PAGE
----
The Stones that built Grantham
Grantham is located to the South West of Lincolnshire.
It straddles London to Edinburgh Eastern main line railway. The river Witham flows through the town and it is abutted to the west by the A1 trunk road. The population is estimated at 44,500 Stone used in the construction of Grantham Architecture include Architectural stone for wall construction and fine detailing.
· Roofing materials
· Cobble stones
· Formal Grannit sets
· Paving slabs
The principle walling stone comes from the Ancaster group of quarries which lie 7 miles to the North east of the town. Ancaster is situated on the river Slea, once navigable by barge. The river flows in an easterly direction through Sleaford and to South Kyme where at a place called Kyme. EAU (meaning water in the French language) it meets the River Witham. The Witham could then be navigated up stream right into the heart of Grantham.
Boats were navigating these rivers since the Roman period and perhaps even earlier. A barge of the medieval period could easily carry 30 tonnes of stone typically pulled by one horse or mule. Other methods or propulsion including pushing by poles or rowing. By comparison a wooden cart drawn by 4 oxen could carry just 0.65 of a tonne at a similar speed of 2 miles per hour.
Notable architecture in Grantham includes St Wulfram’s church built over several stages from the 12c. The King’s School from the 15c, ex pupils of note include Sir Isaac Newton and William Cecil later to become Lord Burghley.
The George Hotel (18c) featured in a Charles dickens Novel. Several Stately homes include Belton House built from Ancaster stone with Ketton Quoins. Stoke Rochford Hall from Ancaster stone and Belvoir Castle built from local Marlstone with Ancaster Quoins and formal detailing.
Early Stone Roofs would have been from Collyweston in Rutland. Swithland slate was available from the 12c up until 1887. The three quarries were just to the West of Swithland in Leicestershire.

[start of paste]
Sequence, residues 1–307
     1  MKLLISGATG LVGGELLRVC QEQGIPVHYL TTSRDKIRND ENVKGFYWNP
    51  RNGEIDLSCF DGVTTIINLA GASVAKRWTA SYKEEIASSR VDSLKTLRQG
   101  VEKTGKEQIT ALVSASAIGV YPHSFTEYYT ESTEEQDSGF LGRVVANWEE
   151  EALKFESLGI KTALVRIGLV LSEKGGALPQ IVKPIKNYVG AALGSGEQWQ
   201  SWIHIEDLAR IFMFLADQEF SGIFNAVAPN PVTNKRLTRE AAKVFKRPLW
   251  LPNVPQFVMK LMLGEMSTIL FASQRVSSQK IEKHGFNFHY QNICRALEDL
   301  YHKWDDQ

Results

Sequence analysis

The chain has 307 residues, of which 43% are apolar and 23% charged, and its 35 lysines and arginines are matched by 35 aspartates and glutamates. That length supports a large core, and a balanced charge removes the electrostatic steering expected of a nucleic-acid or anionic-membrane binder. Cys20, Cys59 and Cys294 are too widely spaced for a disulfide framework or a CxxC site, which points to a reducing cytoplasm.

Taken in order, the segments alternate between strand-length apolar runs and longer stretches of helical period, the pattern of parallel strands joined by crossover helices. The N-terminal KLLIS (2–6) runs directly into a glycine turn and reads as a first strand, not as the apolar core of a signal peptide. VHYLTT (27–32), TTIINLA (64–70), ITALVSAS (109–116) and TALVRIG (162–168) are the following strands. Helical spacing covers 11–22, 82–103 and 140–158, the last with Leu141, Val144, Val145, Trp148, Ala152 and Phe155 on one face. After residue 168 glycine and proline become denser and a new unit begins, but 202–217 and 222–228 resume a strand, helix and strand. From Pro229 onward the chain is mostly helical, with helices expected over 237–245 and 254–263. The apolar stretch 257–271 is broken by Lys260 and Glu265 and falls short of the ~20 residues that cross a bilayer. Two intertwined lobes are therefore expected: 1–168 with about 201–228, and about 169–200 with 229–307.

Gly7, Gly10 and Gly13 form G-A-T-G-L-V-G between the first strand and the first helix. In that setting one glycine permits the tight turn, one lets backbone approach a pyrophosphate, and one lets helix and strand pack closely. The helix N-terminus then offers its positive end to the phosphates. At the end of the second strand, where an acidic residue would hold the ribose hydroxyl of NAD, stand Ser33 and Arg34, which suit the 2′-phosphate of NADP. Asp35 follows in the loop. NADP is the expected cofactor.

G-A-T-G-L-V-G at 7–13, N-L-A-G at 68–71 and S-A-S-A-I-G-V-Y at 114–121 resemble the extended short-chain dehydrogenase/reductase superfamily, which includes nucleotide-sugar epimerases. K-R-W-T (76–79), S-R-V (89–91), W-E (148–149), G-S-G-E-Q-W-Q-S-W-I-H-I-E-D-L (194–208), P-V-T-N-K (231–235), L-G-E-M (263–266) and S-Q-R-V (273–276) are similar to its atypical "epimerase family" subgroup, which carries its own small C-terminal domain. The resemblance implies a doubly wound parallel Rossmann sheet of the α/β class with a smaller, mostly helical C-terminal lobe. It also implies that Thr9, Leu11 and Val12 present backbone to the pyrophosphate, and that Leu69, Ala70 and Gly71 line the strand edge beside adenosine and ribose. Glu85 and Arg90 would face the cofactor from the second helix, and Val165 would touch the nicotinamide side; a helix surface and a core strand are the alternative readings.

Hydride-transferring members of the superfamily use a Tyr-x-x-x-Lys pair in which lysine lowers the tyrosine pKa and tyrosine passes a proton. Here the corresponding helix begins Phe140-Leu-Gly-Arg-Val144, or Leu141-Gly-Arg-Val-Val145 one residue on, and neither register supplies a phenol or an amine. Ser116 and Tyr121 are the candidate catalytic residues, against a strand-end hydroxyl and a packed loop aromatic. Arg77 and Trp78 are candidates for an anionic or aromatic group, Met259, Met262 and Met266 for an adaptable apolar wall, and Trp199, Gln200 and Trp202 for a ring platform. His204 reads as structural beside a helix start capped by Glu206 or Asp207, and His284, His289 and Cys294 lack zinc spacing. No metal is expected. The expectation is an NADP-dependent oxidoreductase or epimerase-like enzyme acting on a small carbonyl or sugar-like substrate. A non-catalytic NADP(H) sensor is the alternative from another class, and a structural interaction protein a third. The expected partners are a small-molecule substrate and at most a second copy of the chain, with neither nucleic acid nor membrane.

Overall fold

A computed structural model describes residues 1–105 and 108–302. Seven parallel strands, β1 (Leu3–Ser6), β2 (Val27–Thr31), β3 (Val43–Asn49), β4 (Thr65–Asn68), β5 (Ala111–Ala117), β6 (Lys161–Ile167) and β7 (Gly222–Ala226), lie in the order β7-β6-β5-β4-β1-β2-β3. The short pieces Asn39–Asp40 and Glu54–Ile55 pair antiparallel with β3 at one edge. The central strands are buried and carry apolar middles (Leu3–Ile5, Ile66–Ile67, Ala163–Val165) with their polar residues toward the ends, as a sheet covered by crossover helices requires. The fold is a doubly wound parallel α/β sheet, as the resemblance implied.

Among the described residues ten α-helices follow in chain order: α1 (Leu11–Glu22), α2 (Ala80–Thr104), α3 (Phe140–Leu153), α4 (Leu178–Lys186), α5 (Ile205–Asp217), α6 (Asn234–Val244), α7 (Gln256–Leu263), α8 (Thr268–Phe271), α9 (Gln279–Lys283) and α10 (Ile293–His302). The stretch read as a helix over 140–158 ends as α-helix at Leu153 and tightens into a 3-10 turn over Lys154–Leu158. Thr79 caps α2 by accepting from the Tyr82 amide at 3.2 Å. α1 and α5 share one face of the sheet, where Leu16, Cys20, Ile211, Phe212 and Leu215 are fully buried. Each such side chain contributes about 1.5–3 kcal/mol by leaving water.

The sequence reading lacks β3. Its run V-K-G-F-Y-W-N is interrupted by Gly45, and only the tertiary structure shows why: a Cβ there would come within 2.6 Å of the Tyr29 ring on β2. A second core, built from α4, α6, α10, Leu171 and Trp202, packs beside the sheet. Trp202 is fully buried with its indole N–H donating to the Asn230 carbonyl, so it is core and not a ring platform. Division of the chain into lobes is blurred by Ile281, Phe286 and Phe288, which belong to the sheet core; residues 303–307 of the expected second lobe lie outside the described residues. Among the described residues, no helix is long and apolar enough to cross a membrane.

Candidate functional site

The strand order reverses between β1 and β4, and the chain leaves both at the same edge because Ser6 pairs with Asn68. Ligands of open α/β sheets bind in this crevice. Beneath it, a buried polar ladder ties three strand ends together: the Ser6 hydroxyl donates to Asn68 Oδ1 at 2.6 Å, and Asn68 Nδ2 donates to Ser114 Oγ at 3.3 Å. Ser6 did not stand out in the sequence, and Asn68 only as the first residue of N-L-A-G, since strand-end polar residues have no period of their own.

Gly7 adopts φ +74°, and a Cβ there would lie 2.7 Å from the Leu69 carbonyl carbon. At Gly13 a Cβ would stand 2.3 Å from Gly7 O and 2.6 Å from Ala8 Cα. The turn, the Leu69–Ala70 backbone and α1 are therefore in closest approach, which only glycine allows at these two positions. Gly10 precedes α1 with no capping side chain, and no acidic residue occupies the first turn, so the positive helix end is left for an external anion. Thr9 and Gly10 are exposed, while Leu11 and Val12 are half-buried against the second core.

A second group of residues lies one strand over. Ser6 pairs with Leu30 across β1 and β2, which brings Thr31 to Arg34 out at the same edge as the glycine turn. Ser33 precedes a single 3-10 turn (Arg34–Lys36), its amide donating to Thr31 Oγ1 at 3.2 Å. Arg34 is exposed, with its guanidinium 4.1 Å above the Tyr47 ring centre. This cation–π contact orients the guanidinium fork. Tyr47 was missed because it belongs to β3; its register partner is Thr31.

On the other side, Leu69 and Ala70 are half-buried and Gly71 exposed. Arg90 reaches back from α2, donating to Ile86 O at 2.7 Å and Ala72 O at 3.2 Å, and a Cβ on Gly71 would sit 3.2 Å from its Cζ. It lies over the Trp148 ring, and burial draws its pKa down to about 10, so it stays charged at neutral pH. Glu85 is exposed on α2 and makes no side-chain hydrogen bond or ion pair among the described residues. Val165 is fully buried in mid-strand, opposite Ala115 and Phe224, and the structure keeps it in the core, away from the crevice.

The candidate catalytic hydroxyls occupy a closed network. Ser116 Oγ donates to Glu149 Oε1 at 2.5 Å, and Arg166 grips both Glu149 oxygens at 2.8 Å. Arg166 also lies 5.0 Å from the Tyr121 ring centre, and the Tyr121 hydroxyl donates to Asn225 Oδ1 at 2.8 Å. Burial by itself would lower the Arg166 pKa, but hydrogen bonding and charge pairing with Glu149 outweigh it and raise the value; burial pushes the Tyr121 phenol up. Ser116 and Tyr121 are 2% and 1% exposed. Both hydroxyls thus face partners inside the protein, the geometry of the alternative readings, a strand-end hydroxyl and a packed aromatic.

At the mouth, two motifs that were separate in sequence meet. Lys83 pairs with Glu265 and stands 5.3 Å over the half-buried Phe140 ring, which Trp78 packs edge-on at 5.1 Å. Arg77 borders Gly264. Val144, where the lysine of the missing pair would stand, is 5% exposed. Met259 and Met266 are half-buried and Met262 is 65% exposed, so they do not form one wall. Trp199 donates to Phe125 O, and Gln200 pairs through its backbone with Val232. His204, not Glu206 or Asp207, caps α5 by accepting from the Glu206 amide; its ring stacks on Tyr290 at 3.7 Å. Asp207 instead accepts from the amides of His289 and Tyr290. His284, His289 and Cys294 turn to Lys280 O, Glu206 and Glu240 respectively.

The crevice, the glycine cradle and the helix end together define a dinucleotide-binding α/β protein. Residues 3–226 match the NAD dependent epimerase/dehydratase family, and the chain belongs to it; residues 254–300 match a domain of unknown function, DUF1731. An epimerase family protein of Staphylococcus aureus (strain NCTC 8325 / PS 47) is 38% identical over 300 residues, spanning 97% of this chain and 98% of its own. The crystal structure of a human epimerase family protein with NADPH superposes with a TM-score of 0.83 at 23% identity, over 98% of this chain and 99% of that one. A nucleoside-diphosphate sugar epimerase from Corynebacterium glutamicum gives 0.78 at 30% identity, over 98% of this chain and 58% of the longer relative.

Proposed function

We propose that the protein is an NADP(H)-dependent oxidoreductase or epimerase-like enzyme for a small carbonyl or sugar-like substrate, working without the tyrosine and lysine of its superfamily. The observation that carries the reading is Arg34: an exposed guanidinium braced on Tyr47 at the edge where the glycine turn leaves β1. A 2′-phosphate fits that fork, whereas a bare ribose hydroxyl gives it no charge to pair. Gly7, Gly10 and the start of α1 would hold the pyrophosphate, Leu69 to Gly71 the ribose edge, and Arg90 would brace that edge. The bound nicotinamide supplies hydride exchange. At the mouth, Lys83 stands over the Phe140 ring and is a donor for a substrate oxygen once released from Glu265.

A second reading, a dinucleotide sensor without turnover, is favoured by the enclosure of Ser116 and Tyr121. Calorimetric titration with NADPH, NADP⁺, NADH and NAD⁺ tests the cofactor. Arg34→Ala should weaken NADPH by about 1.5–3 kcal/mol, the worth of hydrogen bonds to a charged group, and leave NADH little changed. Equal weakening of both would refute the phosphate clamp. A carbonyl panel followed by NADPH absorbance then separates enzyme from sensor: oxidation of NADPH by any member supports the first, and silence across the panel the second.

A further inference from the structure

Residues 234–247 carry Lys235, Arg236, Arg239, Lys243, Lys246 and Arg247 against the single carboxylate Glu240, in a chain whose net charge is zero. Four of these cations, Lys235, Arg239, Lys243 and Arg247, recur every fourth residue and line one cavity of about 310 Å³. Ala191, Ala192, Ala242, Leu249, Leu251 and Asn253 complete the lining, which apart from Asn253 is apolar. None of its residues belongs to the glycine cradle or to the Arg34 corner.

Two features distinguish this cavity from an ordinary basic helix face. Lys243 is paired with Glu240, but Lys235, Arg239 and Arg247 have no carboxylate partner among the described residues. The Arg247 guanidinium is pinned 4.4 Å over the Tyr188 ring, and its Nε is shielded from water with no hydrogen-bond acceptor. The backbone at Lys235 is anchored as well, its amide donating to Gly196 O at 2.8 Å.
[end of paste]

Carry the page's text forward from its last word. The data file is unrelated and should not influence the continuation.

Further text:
It is likely that some Swithland slate found their way to Grantham being the closest source of slate. However the railway arrived in the town in the year of 1850 meaning that high volumes of superior Welsh slate could be brought in from North wales at a fraction of previous costs.
The canal came to Grantham in 1797 in a Westerley direction linking with the River Trent. This no doubt provided Grantham with a good supply of river cobbles for paving the streets and also sand and gravels for the making of Lime Concrete. Swithland state remained popular for grave stones until its demise in 1887.
Lime burning took place locally certainly there was several lime burners at Ancaster. One at Dembleby and one at Castle Bytham. These would all produce quick limes for use in builders mortar.
With the railway which was connected to Grantham in 1850 would have come granite setts (cobbles) from Yorkshire plus other landscaping products such as York Flagg Stones. These would have replaced the basic cobble stones previously brought in by boat from the Trent Valley transported along the Grantham Canal which arrived in Grantham in 1797 and previously by medieval barge along the River Witham and along the Fossdyke navigation created by the Romans in 120 AD to link the Witham to the River Trent.